Posted On: 8th November 2012
Arnab Dutt, managing director of Texane, says having minority owned firms in your supply chain is more than about diversity and CSR– it’s good business.
There are plenty of fine words spoken about inclusion and equality, but in the business world as in life in general, you all too often get the impression it’s just lip service.
So you could forgive delegates to a recent conference on supplier diversity for a certain amount of healthy scepticism based on experience.
The conference was run by MSDUK, an organisation whose stated aim is to encourage large UK based multinational companies to source products and services from ethnic minority businesses and minority-owned firms. Or to use their phrase “deliver supplier diversity”.
That word “deliver” is key because today many organisations understand they need to demonstrate that they have a supply chain model that encourages minority-owned businesses. In the US, this dates back to the Government’s response to the inequality exposed during the 1960s when civil rights legislation was enacted. As the equality agenda has become more important, the idea has spread throughout the western world.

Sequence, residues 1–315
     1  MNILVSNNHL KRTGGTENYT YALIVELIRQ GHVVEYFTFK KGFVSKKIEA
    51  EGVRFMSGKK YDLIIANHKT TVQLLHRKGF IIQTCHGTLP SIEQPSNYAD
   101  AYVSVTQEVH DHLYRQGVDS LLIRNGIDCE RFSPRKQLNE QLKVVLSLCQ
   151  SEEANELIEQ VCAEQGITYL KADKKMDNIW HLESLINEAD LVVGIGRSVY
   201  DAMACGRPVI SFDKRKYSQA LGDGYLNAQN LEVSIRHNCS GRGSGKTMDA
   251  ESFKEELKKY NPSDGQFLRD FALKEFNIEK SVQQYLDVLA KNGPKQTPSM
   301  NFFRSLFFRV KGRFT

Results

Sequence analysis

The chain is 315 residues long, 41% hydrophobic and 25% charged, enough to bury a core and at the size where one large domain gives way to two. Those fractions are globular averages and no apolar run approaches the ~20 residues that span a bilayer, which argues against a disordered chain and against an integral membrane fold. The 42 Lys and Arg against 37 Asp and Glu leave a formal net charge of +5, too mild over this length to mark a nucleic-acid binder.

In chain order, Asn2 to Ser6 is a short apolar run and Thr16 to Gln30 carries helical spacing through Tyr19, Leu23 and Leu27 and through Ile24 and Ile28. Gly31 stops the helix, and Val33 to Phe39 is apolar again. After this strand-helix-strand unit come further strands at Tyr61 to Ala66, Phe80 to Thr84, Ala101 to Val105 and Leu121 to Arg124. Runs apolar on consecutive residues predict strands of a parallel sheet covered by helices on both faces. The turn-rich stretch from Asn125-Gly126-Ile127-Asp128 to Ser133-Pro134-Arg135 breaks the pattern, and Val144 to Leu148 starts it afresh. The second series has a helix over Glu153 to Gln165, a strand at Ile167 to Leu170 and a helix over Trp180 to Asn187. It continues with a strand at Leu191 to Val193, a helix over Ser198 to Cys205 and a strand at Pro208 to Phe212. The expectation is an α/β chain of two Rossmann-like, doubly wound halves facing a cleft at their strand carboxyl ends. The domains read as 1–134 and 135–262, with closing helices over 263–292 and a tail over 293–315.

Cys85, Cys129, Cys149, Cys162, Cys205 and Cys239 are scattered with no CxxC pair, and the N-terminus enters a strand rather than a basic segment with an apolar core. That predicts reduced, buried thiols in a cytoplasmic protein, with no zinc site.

Government procurement officers and purchasing managers in corporations in the UK, US and across Europe are under increasing pressure to demonstrate a diverse supplier base that is representative of their population mix.
So it’s a box ticking exercise, I hear the cynics among you say.
Well, maybe, partly, but there is a much better reason why large organisations should look to incorporate minority firms into their preferred supplier lists.
A brief dip into the history of the world’s most dynamic cities, such as New York and London, will provide evidence that immigrants have been more driven, more entrepreneurial, more likely to succeed than comfily-off indigenous folk. It is the same today.
Unlike most new businesses – more than half of which fail early on - 70 per cent of ethnic minority businesses are still here after five years, and they grow 20 per cent faster than other small firms.
Tapping into that entrepreneurial energy and success mindset is not just paying lip service to Corporate Social Responsibility. It’s adding value to your business.
Arnab Dutt is a Director of Texane, based in Market Harborough, a market-leading British manufacturer of polyurethane components.